Tuesday, April 01, 2008

The Dialectic of Fascism

An attempt to answer charges that fascism was just another form of socialism and also that it was a form of State Capitalism as described by thinkers like Max Shachtman.

Fascism in all its forms but specifically in Mussolini's Italy and Hitler's Germany consisted of two contradictory impulses: that of the corporate state and of the Will to Power of individuals.

The corporate state has been touched on a lot in reference to an apocryphal statement by Mussolini that Fascism consists of the fusion of state and corporate power, but it hasn't really been described in detail in these discussions. The corporate state is the feature that bore some superficial similarity to Soviet society: there were workers' associations, youth groups, business groups, special cultural groups, women's groups, agricultural groups, and of course military groups, who were thought not to just be for self defense but for developing strong individuals.

In Soviet society my understanding is that except in high Stalinism things like recreation groups, where people could go to a community center and play cards and maybe read a newspaper, weren't overtly politicized although there was a socialist undertone to them. On the other hand you have the Nazi equivalent of "Strength through Joy", which explicitly linked recreational activities to an ultra-conservative and ultra-nationalistic agenda.

But back to the dialectic.

Complementing the urge towards Corporatism was the belief in the new individual, a superior type of individual who was self made and self sufficient, who could rise to the top through talent and sheer will to become a leader, who was thought somewhat to also exemplify the values of the nation. In Mussolini's Italy the concept of the strong individual was not linked to race but had overtones of avant garde culture mixed with some nationalism. Hitler and Mussolini presented themselves as self made superior men who rose to the top through skill and hard work and who had a right to lead their nations because that was what superior people were thought to be entitled to.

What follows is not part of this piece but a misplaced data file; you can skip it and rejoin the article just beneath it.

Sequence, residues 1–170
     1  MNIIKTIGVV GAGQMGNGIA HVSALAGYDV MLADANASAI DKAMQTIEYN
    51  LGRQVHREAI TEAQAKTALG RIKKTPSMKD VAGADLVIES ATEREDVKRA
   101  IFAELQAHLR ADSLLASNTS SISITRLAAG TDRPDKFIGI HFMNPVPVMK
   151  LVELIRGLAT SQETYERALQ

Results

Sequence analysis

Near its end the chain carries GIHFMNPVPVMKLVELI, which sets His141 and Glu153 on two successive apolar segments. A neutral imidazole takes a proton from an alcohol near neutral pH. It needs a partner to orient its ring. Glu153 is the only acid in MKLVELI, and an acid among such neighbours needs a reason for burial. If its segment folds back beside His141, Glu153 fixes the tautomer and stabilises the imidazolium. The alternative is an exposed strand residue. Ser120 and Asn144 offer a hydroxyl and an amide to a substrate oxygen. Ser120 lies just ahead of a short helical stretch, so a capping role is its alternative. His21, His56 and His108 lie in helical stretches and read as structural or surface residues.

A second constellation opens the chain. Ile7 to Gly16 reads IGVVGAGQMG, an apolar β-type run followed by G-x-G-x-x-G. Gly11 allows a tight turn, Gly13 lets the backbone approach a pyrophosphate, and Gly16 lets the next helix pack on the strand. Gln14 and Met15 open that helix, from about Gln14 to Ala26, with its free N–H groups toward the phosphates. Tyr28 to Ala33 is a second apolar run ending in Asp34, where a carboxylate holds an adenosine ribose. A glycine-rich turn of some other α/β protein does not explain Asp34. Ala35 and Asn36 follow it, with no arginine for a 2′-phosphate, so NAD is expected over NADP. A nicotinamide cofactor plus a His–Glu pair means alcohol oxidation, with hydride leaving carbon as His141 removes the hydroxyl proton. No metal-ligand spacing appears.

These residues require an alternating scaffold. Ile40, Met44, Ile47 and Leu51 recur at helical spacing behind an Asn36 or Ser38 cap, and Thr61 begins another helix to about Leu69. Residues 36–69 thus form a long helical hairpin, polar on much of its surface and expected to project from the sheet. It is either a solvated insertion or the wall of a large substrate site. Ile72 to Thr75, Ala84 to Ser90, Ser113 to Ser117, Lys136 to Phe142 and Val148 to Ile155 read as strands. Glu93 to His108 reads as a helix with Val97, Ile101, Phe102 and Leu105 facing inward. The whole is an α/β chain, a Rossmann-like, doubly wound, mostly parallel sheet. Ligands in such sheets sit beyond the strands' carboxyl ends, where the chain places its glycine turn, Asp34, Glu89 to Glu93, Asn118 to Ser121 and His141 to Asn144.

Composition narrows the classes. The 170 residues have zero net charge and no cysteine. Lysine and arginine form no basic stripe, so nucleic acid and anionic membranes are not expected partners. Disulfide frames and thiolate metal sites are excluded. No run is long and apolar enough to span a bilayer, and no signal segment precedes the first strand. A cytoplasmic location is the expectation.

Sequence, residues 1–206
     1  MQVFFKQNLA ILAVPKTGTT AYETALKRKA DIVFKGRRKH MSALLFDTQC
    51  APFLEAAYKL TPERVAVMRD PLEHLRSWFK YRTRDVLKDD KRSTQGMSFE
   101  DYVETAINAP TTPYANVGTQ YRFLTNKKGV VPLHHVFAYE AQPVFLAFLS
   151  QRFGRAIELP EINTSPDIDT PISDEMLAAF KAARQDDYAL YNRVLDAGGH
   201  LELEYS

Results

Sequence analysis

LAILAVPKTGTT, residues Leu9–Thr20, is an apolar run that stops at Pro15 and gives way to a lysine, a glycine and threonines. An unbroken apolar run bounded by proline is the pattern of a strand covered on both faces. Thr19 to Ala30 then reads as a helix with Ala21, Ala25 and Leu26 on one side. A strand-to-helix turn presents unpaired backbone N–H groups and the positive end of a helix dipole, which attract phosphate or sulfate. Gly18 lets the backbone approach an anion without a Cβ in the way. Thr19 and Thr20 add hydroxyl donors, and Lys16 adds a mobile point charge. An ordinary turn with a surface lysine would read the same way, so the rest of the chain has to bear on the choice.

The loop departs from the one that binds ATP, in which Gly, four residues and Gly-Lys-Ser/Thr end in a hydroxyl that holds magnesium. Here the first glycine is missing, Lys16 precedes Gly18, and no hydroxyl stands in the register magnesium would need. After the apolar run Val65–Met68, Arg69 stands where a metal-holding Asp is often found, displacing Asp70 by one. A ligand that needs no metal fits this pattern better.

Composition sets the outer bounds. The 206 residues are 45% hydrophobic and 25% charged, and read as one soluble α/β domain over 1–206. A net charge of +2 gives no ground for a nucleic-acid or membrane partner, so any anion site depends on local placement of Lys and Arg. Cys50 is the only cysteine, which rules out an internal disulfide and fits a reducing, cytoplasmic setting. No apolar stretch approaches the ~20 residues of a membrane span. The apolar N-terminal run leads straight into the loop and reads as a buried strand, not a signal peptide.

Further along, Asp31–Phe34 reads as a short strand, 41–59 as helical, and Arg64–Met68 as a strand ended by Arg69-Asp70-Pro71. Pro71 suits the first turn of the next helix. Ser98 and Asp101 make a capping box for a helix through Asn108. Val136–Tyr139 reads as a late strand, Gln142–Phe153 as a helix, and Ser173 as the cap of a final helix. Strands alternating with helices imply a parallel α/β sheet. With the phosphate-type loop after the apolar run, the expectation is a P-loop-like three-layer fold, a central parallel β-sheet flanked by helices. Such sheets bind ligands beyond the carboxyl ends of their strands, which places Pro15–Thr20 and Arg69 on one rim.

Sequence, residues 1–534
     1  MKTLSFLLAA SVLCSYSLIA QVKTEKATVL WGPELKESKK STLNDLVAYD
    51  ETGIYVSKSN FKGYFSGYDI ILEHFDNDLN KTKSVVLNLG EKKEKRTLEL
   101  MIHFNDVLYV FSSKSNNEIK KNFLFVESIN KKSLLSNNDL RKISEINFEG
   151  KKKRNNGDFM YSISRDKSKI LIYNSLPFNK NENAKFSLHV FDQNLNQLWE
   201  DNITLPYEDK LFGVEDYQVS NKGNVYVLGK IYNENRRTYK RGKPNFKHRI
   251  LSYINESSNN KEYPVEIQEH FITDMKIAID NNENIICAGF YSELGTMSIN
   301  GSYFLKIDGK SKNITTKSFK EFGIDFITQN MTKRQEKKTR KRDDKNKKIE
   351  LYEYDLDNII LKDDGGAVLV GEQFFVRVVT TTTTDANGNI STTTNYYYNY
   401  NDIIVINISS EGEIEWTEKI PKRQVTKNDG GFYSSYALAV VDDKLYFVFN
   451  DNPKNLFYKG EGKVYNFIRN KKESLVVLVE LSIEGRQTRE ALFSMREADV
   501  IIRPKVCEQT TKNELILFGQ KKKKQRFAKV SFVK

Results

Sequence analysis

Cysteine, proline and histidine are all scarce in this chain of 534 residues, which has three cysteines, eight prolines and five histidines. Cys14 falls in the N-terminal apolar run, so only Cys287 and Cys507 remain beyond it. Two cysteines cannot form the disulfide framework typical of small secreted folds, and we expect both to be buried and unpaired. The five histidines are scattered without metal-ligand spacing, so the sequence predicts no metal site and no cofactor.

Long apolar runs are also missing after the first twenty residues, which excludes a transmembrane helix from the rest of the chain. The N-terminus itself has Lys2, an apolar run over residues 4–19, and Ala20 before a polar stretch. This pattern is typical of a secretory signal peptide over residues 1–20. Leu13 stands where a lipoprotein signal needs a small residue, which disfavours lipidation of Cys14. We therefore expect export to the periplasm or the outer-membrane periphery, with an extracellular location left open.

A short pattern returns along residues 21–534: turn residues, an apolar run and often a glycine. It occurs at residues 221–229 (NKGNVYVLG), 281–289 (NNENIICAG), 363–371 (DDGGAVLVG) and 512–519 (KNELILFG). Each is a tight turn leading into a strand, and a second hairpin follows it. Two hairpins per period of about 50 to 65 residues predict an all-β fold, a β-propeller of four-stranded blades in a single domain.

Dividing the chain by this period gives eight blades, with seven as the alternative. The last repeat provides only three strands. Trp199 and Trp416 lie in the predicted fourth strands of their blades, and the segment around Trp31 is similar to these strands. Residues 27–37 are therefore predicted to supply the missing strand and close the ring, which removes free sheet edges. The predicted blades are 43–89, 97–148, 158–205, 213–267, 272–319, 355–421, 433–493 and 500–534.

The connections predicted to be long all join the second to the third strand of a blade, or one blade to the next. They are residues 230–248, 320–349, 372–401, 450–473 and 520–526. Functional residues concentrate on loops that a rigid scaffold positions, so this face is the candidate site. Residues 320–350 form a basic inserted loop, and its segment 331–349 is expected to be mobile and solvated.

Fascism may have provided corporatist opportunities but it didn't believe in equality except in a very general sense, linked to extreme nationalism. Instead, the sense of stratification and of letting people who were thought to be suppressed by the pre-Fascist culture was the order of the day.

Unfortunately, this is why many intellectuals in Italy went over to Mussolini, particularly the representatives of the Futurist arts movement: they saw themselves as superior individuals who hadn't been given their fair share and thought that with the rise of Mussolini they'd be able to get the recognition they thought they deserved.

Similar impulses were present in Hitler's Germany, only the enemies thought to be keeping down talented individuals were Jews and Communists. Certain pro-Nazi scientists employed in Universities applauded the removal of Jewish scientists from their ranks because they felt that their work had been given unwarranted applause because of their ethnicity and religion. Jews towards the end were excluded from official school lists no matter how well they did and were forbidden from competing in professions that they had previously done well in, all because of the belief that the superior German individual had been unfairly kept down by the presence of Jews in these positions. The truly superior, it was thought, would rise to the top not only of their professions but of society itself once the 'parasites' were excluded. And people at the top of the hierarchy in Nazi society did extremely well, with people connected to the administration of the Nazi state itself possessing castles, weekend retreats, and living in luxury. Despite the calls for populism, the sense of the entitlement of superior men to superior things was a foundation of the Nazi state.

Corporatism in the light of the doctrine of the superior man also meant that though a corporate structure was maintained that there weren't many attempts to seriously challenge the distribution of both income and power within the corporate structure once those companies involved had submitted to the demands of the fascist parties in reference to supporting the fascist states both politically and financially and altering their structures to accommodate fascist sponsored labor unions. The belief was that if the superior man rose through the ranks of business to attain a high position that he was entitled to much of what he earned provided that it was come by through the fascist definition of 'fairness'.

*This is part one of a multipart series, I'll get to the difference between state Capitalism and Fascism in a later part, along with an analysis of what periods of Soviet history the idea of State Capitalism may be applicable to and which ones it probably isn't.

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